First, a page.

GLADSTONE, John (1764-1851), of Rodney Street, Liverpool and Seaforth House, Lancs.

Published in The History of Parliament: the House of Commons 1790-1820, ed. R. Thorne, 1986
Available from Boydell and Brewer



1818 - 1820
1820 - 1826
1826 - 19 Mar. 1827

Family and Education

b. 11 Dec. 1764, 1st s. of Thomas Gladstones, merchant and shopkeeper, of Leith, Edinburgh by Helen, da. of Walter Neilson, merchant, of Springfield, Edinburgh. m. (1) 5 May 1791, Jane (d. 16 Apr. 1798)1 da. of Joseph Hall, merchant, of Liverpool, s.p.; (2) 29 Apr. 1800, Anne, da. of Andrew Robertson, provost of Dingwall, Ross, 4s. 2da. Dropped final ‘s’ from name informally 1787 and by royal lic. 10 Feb. 1835. cr. Bt. 18 July, 1846.

Offices Held


Gladstone was apprenticed in 1777 to the manager of a local ropery and, after serving his time, entered his father’s modestly prosperous business, which was primarily concerned with wholesale and retail trading in corn, flour and general provisions, with subsidiary interests in milling, whaling and chemicals. He made business trips to Germany and the Baltic ports in 1784, and two years later to Liverpool, where he met Edgar Corrie, a lowland Scot, who throve there as a brewer and senior partner in a firm of corn factors and was looking for a young man of talent to assist him in his ambitious schemes to make a major incursion into the Liverpool corn trade. After a brief period of training in London, when he made some useful contacts in the shipping world, Gladstone went to Liverpool to become Corrie’s partner for a term of 14 years, along with Jackson Bradshaw. His initial investment in the venture was £1,500, of which £500 represented his own savings, the remainder having been borrowed from his father and a Leith business associate. The firm of Corrie, Gladstone and Bradshaw prospered and by 1795 Gladstone, who had distinguished himself in 1790 by his handling of a potentially disastrous speculation in American corn (the last time in his life that he went abroad), was worth £16,000. He invested in urban development, buying up 345 yards of frontage on Rodney Street, where he built an imposing house to accommodate his sickly first wife, and putting over £1,600 into the Goree warehouse scheme. He turned increasingly to owning and operating ships on his own account, did considerable business in ship insurance and, eager to expand further, prepared for the day when he would be released from his arrangement with Corrie, with whom his relations had turned sour, by setting up his brother Robert in business with a loan of £2,500. By 1799 his fortune was £40,000.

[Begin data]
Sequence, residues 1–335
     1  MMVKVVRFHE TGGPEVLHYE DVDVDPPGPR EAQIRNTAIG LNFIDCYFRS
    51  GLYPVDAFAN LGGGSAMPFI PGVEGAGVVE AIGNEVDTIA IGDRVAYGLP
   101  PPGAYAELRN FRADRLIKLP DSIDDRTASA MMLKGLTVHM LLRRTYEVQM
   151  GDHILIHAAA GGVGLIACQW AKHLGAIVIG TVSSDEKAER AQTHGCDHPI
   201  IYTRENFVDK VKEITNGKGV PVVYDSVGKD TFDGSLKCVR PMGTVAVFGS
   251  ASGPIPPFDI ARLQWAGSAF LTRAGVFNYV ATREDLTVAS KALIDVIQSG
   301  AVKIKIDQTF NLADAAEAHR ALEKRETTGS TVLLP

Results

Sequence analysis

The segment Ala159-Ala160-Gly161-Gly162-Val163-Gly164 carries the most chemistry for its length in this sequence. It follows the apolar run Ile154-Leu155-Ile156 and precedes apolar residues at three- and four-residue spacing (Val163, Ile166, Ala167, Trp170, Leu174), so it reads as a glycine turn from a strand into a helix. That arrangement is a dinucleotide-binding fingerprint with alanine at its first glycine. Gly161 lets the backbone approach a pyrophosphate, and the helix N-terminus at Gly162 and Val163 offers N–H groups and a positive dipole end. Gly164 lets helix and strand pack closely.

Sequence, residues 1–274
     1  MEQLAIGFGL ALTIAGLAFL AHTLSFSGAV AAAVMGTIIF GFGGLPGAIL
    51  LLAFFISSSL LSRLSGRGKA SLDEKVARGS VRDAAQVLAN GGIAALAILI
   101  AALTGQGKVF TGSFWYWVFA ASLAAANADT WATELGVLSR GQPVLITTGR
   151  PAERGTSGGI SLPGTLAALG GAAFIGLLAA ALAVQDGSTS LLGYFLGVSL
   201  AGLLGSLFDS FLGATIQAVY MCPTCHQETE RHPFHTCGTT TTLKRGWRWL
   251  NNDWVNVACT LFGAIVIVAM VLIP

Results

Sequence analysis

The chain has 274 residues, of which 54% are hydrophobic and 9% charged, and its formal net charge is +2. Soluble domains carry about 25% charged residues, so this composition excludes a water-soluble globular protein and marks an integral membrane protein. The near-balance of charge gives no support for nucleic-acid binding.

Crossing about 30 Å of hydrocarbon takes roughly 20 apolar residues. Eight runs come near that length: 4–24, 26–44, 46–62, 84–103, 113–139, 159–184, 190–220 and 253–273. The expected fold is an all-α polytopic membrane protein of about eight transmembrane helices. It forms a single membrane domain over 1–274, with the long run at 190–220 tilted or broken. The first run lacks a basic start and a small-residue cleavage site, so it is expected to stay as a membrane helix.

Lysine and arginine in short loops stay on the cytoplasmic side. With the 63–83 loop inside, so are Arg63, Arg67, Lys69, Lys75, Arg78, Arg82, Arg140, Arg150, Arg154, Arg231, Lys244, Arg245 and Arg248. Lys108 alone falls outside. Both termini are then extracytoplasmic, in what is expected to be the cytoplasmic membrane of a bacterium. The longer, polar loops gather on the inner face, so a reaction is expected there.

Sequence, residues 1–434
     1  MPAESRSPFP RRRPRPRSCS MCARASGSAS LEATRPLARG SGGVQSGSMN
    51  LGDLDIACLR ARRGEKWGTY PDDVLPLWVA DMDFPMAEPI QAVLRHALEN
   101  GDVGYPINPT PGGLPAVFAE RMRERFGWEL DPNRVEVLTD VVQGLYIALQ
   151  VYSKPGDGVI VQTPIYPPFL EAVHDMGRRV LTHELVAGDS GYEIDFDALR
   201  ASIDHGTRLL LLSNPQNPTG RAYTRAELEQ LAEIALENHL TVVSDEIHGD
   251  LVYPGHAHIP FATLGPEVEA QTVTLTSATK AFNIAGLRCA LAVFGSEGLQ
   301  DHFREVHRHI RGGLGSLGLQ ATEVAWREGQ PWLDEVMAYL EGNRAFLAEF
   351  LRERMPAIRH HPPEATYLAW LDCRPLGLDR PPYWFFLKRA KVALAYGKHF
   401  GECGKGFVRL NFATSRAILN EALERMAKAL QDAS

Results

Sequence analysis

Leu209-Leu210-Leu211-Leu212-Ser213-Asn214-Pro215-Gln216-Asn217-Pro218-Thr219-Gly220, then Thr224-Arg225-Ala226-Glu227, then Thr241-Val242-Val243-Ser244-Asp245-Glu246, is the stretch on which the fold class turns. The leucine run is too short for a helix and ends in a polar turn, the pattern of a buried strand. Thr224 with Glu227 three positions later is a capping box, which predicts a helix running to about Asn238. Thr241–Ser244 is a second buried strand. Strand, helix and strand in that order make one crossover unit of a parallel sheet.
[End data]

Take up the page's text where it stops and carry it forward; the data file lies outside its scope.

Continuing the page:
In 1800, he and Robert signed articles of partnership for 14 years and in 1805 they took in George Grant as a third partner. They continued to deal in corn, but maintained Gladstone’s other business interests, moved into the South American and Russian trades and from 1803 became increasingly involved in the West Indian trade, particularly with Demerara. Through mortgages and agencies Gladstone steadily increased his stake in the West Indies, eventually moving into outright ownership of plantations: by 1821 over half his total wealth derived from his West Indian interests. On the eve of emancipation, which he strongly resisted, he was the direct owner of over 1,000 slaves and the indirect owner of many more. In 1812, he and Grant formed a West Indian trading house entirely separate from the firm of John and Robert Gladstone, which handled the other business and the East Indian trade into which Gladstone was quick to move when it was opened in 1814. He formed another partnership for the Demerara trade in 1817, brought in John Wilson to join himself and Grant the following year and in 1821, after quarrelling with Robert, set up the new firm of John Gladstone & Co. to deal with the East Indian business. All his companies were finally merged into the house of Gladstone, Grant and Wilson. By 1817, all six of his brothers were in business in Liverpool, all dependent on him to some degree.